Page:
It can be a tough balance to dial your intensity a few notches back. However, this balance can be important for your child’s growth—in athletics and in life.
You should also let them make their own decisions. Even though while they’re still young, you could encourage them to try multiple sports (not just your faves), how they feel about a sport should be the final word. You can provide as much opportunity as possible and encourage them in the right way—but if they play or not should be their choice.
2. Respect authority figures, the game, and your own kid:
That’s right—your child and their growth and development need your respect. They might not advance as quickly as you want them to—respect their process.
Be sure to set good examples when it comes to the referee/umpire, other teams’ parents, and the coaches. Having a positive attitude helps, no matter what the situation is, and not letting your emotions get the best of you. When you’re positive and cheering for both the stars, as well as the not-so-great players, your child will be watching. That can be the opportunity for them to follow suit.
3. Focus on being more sportsmanlike than competitive:
Although your child should strive for goals as a young athlete—teaching them that it’s okay to make mistakes, as long as you learn from them—you should focus more on developing their character on (and off) the field.
Skills and ability will come—natural talent isn’t something that can be learned—but how your child approaches teamwork, sportsmanship, and respect for the game (and all of its authority figures), need to be ingrained from the get-go.
4. Stay focused on what’s important:
It’s easy to get wrapped up in the moment, in the league, and during a game. However, you need to remember: you’re a parent first, fan second.
If you need something to focus on, it should be on your kid’s enjoyment and development. Period.
Sports can teach valuable life lessons and shape a person’s character—from learning that it’s okay to make mistakes to teaching a child how to be a leader and a team player, from how to control their emotions to how to work on both their strengths and weaknesses.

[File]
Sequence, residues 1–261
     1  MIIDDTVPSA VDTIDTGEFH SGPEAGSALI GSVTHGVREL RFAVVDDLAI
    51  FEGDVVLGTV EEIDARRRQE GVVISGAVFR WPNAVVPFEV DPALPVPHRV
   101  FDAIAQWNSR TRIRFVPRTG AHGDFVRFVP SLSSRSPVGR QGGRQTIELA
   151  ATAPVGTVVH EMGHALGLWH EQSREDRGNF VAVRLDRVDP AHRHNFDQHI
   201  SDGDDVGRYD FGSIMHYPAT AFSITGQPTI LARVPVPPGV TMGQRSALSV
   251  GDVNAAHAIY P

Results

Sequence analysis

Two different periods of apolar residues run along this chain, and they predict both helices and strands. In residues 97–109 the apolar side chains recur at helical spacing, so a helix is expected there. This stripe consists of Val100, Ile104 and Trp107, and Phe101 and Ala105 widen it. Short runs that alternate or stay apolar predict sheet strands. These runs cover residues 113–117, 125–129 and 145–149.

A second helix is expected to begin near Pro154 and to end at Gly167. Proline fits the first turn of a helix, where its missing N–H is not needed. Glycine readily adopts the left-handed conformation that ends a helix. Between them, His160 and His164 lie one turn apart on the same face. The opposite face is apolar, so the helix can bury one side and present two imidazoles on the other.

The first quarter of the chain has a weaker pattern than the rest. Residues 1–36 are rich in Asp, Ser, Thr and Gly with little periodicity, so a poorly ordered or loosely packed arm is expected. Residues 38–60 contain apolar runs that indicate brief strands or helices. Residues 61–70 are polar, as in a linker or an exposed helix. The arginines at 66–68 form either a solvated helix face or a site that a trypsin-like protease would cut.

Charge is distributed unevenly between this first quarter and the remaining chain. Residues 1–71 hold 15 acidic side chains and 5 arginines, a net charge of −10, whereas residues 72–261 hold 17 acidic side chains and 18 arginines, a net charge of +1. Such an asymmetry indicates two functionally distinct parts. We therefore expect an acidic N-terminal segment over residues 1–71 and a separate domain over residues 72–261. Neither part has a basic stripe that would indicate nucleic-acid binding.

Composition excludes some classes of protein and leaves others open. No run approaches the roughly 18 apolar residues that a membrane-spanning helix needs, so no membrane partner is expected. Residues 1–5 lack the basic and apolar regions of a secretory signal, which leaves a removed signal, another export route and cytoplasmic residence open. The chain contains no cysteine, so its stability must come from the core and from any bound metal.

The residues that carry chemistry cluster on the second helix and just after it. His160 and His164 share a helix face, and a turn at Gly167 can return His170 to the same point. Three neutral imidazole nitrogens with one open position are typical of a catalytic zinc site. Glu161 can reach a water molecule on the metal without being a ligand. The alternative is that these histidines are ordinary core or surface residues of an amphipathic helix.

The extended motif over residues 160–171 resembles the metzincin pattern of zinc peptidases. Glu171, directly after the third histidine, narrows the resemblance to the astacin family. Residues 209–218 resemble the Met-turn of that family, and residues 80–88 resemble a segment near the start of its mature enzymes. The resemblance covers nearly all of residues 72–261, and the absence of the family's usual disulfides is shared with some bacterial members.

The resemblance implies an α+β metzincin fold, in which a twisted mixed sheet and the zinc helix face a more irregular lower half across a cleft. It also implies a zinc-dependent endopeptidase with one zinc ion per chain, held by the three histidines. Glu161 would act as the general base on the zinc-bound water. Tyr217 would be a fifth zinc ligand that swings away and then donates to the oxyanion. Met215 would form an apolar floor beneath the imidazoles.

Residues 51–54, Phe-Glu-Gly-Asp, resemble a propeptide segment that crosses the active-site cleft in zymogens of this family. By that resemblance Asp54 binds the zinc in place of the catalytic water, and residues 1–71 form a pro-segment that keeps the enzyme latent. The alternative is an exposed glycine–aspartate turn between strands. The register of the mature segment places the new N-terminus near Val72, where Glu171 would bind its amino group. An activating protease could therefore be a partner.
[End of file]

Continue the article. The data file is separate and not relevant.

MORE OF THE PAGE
You need to focus on how your child is developing rather than how their team is doing on the table.
Especially if your child is really good, it can be hard to not make their whole life about sports—however, it’s important that they not only identify as an athlete, but also an all-encompassing person.
5. Lastly, make it fun!
In general, sports can be a means to an end—a full scholarship to a great college, a professional career or even her or his way into a great school right now. However, your kid is only going to be a kid for so long.
Your child may be playing at a highly competitive level—this can make it difficult for them to not be so negative when they make a mistake.
However, they need to know that no athlete is perfect. Making sure that you encourage positive thinking, self-esteem, and constructive—rather than negative—criticism is important to keep sports enjoyable.
Before the fall season begins, get your head in the game—or get out of it, really. Although it may be difficult keeping your distance when it comes to being the best soccer parents, getting entangled in a heated brawl with your six-year-old’s volunteer coach isn’t going to make the field an environment where your child (and the rest of the team) can grow.
I hope this article has helped you become the best sports parent you can be and develop your young athlete to her or his full potential—both on and off the field.